Putin tries to reassure world over 'unique' nuclear missile claim

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The Independent Online

Russia has moved to reassure the international community that it is not embarking on a new arms race, just days after boasting it had developed a new nuclear weapon that "other nuclear powers do not and will not possess".

Russia has moved to reassure the international community that it is not embarking on a new arms race, just days after boasting it had developed a new nuclear weapon that "other nuclear powers do not and will not possess".

President Vladimir Putin told the country's top military brass last Wednesday that new nuclear missile systems were being tested and would be pressed into service "in the next few years". International terrorism was the main threat facing Russia, he conceded, but the country could not afford to neglect its ageing nuclear arsenal.

Mr Putin's comments surprised many analysts. The speech appeared to sit awkwardly with international attempts to prevent Iran's and North Korea's nuclear programmes. But Russian officials say Mr Putin's comments should not be misunderstood.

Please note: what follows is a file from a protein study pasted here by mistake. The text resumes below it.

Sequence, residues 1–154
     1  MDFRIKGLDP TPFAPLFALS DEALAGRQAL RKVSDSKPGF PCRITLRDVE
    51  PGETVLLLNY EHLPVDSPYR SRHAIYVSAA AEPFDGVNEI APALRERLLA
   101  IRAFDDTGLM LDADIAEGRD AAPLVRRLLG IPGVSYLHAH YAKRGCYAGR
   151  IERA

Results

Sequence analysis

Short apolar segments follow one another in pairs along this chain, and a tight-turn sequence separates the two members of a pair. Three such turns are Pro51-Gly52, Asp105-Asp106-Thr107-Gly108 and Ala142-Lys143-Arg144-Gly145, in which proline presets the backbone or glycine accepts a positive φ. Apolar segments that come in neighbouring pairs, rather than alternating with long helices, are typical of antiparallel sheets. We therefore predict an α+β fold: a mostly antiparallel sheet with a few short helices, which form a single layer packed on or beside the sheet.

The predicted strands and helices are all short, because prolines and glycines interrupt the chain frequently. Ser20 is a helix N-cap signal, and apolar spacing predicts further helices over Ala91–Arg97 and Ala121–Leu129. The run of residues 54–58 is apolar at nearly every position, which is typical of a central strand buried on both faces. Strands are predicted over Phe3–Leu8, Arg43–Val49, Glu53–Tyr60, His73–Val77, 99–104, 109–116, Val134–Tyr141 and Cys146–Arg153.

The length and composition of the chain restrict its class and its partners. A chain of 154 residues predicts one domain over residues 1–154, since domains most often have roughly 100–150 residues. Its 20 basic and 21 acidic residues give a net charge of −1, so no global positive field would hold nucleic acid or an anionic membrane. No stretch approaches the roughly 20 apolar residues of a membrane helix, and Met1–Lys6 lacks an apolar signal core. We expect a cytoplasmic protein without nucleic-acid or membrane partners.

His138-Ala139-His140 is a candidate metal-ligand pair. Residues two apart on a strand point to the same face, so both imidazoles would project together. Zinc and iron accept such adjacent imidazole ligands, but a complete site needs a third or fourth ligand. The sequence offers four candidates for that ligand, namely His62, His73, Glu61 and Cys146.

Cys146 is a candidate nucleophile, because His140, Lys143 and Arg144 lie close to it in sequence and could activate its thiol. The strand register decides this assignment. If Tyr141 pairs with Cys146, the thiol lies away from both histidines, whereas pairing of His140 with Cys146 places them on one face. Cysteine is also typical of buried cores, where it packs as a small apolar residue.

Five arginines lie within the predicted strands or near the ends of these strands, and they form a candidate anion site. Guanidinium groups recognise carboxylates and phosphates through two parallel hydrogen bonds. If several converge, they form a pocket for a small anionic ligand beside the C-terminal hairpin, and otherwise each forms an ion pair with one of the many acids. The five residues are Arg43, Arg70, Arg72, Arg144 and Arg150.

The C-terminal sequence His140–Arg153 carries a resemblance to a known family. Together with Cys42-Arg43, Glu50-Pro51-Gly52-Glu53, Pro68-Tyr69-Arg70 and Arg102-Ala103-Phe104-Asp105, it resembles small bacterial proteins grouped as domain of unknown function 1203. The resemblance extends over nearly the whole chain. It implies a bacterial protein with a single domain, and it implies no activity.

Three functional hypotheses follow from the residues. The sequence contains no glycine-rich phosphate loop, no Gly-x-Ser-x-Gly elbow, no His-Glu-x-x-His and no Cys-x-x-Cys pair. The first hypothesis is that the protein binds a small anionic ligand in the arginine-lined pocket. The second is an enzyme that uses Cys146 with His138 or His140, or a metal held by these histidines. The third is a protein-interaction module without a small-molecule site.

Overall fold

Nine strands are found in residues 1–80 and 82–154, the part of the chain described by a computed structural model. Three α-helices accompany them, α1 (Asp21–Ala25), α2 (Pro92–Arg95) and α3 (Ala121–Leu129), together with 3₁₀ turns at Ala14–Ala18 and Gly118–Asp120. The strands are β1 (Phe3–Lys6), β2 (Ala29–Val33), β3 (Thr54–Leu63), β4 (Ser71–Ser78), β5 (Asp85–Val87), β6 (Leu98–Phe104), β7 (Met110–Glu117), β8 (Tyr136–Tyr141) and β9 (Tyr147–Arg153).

At the United Nations the country's Deputy Foreign Minister, Yuri Fedotov, insisted the rest of the world had nothing to worry about, saying the new missile system was "purely defensive" and merely part of a continuing programme to upgrade Russia's military capability. "As with everything we have it's totally defensive," said Mr Fedotov. "All armed forces need to upgrade and this is part of a natural process ... It is [also] necessary to improve missile systems to avoid accidents."

Most analysts believe Mr Putin's comments were mainly for domestic consumption, designed to boost morale in the country's cash-starved armed forces, which are undergoing a radical restructuring. But experts are divided over what kind of nuclear weapon the president was referring to.

Some believe it is a ballistic missile for submarines, carrying 10 warheads over a range of 5,000 miles, that has been in development since 1986. Others speculate that it is a new generation of nuclear weapon that would render America's nascent missile defence shield redundant. The Russian weapon, it is claimed, would have a warhead that could detach itself from the main missile during the final phases of its flight and continue as a separate projectile, capable of evading missile defences.

Mr Putin's upbeat assessment of the country's nuclear capability clashes sharply with recent Russia media reports, which claim the country's ballistic missile programme isin danger of collapse.

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